NY futures give up further ground this week
NY futures gave up further ground this week, with March slipping 52 points to close at 73.72 cents.
Even though this morning's USDA supply/demand report as well as the weekly US export sales report were bullish, the market was unable to generate any new upside momentum from it. What's missing at the moment is speculative buying, which has really been the main driver behind this bull market in commodities that had its origins back in March.
While fundamentals have certainly become more supportive in recent months, mills have still not adjusted to this higher price level and merchants seem to be waiting for a dip in prices before possibly getting out of some of their 14.2 million bales in net short futures. As a result we have a very thinly traded market at the moment, with futures (outside of spreading) and options volume being unusually low for this time of the season.
Earlier this week reliable sources in China reported that the government would soon release the TRQ import quota of 0.9 million tons plus an additional 1.0 million tons with sliding scale duties. Further, it is expected that the government will authorize another 1.0 million tons of imports by the second quarter of next year. In total we could see as many as 13.3 million bales in quotas issued this season, which combined with the cotton that China has already imported since August would probably surpass the current USDA estimate for Chinese imports by a wide margin.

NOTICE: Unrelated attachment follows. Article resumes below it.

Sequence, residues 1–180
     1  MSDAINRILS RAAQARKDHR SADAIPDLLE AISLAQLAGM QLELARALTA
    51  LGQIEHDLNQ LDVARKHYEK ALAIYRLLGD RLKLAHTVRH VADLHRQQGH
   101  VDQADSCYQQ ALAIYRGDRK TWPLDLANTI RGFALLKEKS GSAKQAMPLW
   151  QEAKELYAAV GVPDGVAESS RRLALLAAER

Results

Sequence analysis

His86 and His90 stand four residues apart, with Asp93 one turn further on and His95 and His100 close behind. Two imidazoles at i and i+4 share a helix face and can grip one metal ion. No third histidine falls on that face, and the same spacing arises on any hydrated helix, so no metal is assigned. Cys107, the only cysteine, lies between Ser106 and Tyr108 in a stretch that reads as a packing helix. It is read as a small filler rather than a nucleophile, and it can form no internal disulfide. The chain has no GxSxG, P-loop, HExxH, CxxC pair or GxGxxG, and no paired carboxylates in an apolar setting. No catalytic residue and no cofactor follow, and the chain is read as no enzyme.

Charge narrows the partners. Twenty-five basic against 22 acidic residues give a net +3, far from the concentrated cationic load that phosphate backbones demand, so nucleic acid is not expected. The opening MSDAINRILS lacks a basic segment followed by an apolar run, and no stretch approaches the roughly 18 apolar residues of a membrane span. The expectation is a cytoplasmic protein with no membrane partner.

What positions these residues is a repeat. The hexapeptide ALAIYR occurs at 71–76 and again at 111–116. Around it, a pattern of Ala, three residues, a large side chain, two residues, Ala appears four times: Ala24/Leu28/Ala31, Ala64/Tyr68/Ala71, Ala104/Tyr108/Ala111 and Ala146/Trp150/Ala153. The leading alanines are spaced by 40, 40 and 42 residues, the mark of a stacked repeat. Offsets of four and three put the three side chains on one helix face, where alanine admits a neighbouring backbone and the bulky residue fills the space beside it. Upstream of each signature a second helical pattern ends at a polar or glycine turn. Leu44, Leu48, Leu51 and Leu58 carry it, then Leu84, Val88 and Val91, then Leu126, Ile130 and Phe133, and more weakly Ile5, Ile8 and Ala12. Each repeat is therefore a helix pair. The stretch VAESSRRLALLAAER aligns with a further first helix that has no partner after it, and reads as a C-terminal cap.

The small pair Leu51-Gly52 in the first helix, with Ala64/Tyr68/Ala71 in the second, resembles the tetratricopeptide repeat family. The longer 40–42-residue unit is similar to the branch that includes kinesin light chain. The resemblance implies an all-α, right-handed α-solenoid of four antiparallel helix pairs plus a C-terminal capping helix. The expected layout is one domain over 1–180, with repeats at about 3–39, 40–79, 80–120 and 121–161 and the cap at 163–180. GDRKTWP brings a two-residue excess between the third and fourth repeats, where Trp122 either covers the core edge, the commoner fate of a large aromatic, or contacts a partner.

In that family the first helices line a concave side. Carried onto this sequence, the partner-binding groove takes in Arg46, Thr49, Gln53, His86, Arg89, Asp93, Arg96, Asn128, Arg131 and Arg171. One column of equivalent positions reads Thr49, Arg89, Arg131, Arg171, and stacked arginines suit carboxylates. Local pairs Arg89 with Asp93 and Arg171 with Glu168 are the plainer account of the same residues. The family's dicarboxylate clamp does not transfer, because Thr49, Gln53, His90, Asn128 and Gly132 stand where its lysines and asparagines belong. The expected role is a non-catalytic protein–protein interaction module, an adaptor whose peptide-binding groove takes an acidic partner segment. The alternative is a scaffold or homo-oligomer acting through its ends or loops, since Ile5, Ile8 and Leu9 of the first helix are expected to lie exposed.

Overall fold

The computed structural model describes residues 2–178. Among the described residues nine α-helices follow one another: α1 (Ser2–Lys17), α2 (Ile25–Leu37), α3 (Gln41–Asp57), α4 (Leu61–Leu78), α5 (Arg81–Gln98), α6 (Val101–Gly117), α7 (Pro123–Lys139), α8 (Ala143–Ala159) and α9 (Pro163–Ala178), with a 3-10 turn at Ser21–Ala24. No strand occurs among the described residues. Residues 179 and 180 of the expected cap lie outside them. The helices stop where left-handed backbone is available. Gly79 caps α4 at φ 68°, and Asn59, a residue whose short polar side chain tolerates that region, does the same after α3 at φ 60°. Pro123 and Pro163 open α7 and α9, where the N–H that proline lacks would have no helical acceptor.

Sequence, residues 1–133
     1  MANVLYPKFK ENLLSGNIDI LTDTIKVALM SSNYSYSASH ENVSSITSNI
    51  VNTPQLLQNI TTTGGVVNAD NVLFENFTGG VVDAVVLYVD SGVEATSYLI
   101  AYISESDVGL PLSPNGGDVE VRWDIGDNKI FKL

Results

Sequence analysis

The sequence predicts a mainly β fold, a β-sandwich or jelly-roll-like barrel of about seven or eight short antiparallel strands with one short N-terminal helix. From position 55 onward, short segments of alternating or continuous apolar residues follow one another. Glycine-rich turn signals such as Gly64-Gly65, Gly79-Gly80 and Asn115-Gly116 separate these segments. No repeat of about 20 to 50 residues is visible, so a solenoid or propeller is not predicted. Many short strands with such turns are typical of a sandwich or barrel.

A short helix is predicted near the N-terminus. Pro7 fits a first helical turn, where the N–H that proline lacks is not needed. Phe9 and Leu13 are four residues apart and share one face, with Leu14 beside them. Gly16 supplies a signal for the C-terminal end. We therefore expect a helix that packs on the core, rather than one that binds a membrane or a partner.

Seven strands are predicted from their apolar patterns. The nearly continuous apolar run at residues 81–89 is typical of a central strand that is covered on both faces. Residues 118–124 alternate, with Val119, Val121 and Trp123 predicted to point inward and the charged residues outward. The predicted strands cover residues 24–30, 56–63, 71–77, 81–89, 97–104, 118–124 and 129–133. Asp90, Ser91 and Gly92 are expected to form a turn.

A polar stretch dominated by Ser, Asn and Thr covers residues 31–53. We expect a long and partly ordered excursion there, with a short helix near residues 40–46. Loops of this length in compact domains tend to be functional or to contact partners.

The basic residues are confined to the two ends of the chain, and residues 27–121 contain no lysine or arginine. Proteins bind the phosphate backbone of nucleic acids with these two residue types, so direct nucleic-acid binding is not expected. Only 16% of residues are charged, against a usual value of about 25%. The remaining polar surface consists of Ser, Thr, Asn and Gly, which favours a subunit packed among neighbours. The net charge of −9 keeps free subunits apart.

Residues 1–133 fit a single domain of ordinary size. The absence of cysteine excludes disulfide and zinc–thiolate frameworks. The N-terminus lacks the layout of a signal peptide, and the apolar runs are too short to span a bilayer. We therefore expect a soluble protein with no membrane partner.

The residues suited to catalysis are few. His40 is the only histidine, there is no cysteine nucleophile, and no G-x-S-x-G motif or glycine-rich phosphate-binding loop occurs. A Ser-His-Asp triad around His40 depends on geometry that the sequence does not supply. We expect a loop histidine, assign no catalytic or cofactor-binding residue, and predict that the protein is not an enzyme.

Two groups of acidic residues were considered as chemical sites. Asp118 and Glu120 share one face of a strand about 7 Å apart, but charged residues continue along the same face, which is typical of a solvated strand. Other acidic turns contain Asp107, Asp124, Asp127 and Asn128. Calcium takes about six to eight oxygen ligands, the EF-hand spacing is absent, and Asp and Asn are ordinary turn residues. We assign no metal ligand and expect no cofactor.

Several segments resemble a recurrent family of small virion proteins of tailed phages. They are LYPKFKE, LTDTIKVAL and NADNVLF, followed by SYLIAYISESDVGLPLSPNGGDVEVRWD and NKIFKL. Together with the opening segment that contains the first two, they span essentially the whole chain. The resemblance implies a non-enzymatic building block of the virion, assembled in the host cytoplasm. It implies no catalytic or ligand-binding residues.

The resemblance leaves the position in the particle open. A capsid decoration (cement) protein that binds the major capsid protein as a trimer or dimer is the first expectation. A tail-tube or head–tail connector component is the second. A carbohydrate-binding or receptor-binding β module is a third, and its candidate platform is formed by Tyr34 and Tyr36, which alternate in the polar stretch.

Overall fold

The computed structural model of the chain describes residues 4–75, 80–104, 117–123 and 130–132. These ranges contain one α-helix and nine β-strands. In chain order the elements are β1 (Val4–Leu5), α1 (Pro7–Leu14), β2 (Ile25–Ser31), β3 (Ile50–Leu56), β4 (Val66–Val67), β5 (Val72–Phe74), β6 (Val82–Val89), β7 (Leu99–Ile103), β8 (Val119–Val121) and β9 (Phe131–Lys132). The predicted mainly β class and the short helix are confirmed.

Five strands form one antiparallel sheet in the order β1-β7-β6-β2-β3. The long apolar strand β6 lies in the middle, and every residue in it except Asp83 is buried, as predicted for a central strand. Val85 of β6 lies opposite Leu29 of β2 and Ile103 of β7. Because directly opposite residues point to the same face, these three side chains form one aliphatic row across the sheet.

The USDA raised Chinese imports by 0.5 million bales to 9.0 million bales in its latest report, but we believe that this is still much too conservative. We wouldn't be surprised to see China import 11 or 12 million bales by the end of this marketing year. The promise of impending quotas has served to calm down the local market and prices have eased around 3-4 cents over the last couple of weeks.
This drop in Chinese prices seems to send the wrong signal to the market, as it is seen as weakness, when in fact quite the opposite is the case. By bringing its market under control with the help of imports, China is simply passing on the problem to someone else. It's like playing musical chairs, with China now having a chair to sit on, while someone else will be left standing.
As the USDA numbers clearly show this is a demand-driven bull market, which is the most powerful kind. The biggest surprise in today's USDA report was the 1.0 million bales increase in world consumption to 114.5 million bales. Increases in China (0.5 mio), India (0.25 mio), Vietnam (0.10 mio) and Thailand (0.075 mio) reflect the economic strength that we have been seeing in the Asian economies.
Since global production was basically unchanged from last month, the seasonal production deficit grew to about 11.8 million bales and the foreign output gap increased to a record 21.0 million bales. Therefore, even if the US ships the 11.0 million bales the USDA currently estimates, there are still around 10.0 million needed and these bales will have to be taken from existing stocks. According to the USDA, global ending stocks are to drop by around 9.3 million bales from last season to just 51.8 million bales, the lowest level since 2003/04.